A collaboration between the University of Idaho Sheep Center and students in the U of I College of Agricultural and Life Sciences has resulted in a uniquely Idaho product.
An idea to honor retiring U of I shepherd Dave Casebolt turned into an opportunity for apparel, textiles and design students to create a blanket utilizing wool from the sheep that Casebolt spent so many years caring for.
Jeremy Falk, associate professor in the Department of Agricultural Education, Leadership and Communications, and Dino Vinci, manager of the U of I Sheep Center, contacted Lori Wahl, senior instructor in the Margaret Ritchie School of Family and Consumer Sciences, in summer 2020 to discuss products that could be produced with wool from the center.
Wahl had an interest in developing textile products from wool produced by the U of I flock and brought the project to students enrolled in her design and development for a client class.
“I was looking for clients, so the timing was really serendipitous,” Wahl said. “This is a great project to roll in because it’s so different from our other client projects we’re working on. Once a mill had been identified and we had our design parameters, it was really easy to setup a design project.”
Falk and Vinci identified a mill in Buffalo, Wyoming, Mountain Meadow Wool, that could turn raw wool from the Sheep Center into a blanket. The design parameters given to the students were to use Vandal colors and represent the Vandal fight song.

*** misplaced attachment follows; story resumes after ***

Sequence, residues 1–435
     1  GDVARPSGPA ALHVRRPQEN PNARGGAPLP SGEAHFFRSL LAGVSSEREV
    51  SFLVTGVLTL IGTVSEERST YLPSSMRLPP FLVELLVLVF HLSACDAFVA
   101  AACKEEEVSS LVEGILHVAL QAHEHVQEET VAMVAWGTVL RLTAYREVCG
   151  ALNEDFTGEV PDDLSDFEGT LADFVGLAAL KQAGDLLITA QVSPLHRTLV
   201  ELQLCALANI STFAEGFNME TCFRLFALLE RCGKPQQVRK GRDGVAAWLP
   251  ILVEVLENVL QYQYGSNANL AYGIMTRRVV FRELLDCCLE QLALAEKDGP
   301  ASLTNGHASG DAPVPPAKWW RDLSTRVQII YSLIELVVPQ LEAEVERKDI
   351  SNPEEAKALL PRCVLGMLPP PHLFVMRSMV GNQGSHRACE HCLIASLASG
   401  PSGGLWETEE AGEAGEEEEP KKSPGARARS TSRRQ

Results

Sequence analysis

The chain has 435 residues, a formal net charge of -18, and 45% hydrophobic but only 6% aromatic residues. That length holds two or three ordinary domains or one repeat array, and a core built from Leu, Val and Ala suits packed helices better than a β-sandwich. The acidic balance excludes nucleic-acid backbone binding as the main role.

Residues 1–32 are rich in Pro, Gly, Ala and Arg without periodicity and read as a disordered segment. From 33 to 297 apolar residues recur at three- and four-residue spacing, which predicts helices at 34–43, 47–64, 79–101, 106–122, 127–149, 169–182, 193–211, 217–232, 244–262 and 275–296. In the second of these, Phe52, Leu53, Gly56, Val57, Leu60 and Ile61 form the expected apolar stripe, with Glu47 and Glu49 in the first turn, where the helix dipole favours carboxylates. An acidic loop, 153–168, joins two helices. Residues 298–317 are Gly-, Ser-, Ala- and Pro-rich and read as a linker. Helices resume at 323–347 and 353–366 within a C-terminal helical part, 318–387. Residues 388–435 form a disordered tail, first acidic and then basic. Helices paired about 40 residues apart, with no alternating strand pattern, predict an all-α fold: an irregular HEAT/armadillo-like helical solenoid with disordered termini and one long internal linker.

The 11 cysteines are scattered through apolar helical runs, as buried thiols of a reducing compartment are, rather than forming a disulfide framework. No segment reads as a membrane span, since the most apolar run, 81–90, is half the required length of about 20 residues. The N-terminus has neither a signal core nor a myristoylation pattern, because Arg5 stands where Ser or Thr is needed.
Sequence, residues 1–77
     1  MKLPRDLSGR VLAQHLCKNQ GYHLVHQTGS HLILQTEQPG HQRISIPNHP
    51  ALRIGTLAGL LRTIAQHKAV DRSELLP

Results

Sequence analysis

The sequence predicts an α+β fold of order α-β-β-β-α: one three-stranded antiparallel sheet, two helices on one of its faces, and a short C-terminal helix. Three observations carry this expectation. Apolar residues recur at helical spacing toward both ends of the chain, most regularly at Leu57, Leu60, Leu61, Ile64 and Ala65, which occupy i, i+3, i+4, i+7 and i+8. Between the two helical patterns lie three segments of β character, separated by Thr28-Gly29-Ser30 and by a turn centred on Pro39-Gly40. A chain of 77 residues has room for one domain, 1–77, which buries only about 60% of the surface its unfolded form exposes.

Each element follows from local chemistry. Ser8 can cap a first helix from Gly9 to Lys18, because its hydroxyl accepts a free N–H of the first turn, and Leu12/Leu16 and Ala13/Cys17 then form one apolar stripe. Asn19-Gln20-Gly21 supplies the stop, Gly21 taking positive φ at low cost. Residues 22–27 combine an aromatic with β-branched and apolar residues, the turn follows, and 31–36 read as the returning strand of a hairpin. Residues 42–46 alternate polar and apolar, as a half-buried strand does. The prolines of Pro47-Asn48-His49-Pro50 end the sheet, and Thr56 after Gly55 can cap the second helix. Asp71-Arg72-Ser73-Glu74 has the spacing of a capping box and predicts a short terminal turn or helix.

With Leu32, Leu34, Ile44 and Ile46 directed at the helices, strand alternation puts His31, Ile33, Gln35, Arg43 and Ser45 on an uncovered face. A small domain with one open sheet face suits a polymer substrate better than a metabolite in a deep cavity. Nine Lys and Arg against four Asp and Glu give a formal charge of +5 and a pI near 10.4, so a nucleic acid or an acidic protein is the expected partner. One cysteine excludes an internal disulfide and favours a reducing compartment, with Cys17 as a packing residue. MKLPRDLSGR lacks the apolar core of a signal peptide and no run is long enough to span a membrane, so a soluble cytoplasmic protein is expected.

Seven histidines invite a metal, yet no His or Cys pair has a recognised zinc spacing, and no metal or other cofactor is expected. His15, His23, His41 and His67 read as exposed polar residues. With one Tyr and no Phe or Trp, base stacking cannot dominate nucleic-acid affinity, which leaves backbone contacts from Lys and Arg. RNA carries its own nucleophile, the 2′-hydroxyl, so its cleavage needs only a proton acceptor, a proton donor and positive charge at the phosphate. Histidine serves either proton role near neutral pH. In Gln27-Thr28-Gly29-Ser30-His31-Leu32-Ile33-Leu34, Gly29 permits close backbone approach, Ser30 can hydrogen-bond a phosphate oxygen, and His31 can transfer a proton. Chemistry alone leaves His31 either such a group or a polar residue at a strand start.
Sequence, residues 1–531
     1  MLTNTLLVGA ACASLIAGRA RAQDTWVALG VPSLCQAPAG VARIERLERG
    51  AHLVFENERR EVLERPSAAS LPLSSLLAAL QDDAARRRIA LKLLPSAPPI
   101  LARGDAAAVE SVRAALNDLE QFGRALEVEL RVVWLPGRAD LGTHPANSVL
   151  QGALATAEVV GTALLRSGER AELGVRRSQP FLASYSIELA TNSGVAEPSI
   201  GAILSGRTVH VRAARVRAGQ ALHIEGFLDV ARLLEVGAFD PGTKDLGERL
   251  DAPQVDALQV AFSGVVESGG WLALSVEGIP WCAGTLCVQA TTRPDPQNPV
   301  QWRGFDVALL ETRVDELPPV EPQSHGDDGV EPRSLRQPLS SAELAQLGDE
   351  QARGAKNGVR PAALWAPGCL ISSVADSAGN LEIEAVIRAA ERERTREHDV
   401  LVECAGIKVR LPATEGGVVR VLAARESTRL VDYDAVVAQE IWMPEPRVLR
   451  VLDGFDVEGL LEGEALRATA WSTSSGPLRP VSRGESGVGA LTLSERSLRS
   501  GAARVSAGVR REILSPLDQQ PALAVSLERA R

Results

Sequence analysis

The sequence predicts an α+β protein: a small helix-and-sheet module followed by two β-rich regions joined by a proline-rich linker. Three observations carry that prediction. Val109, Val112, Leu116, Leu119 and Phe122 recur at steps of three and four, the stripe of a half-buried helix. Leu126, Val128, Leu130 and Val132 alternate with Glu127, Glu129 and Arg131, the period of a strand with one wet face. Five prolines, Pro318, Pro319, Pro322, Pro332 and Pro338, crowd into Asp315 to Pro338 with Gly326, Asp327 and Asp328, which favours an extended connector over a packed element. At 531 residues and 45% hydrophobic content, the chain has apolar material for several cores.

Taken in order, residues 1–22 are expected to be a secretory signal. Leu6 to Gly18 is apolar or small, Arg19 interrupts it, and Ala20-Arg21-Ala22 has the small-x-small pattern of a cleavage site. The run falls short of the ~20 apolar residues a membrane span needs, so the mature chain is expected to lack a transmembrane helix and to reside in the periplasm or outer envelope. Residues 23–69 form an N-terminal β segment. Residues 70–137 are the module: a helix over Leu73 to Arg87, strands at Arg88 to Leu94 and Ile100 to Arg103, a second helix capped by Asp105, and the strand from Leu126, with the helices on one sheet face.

The selected design is a gold, gray, black and natural undyed-wool striped pattern that represents the chorus of the Vandal fight song, a tribute to the old wooden panels of the Kibbie Dome that featured a computer-generated version of the tune. The design was created by U of I students Nick Strader, Margaret Zee, Madison Machen, Adrianna Kauffman and Debra Siemens in fall 2020.
Making the blanket even more Idaho-centric is the breed of sheep used. The wool came from Polypay/Targhee crosses — two breeds developed at the U.S. Sheep Experiment Station in Dubois and raised by Casebolt at U of I.
The final product arrived on campus in fall 2021 and was presented to Casebolt during an Idaho Wool Growers Association meeting held at the Sheep Center. Future ideas involve creating designs for scarves, beanies and mittens that could be sold at the VandalStore.
“This year we are testing the relationship with the mill, feasibility of the product, and assessing final cost of the product” Wahl said. “In Fall 2022 when I teach the class again, we are hoping to expand to scarf and mitten designs.”
Wool fibers are combed and aligned for spinning in a process called pindrafting that produces roving.
The final product is presented to retired U of I shepherd Dave Casebolt by current shepherd Dino Vinci.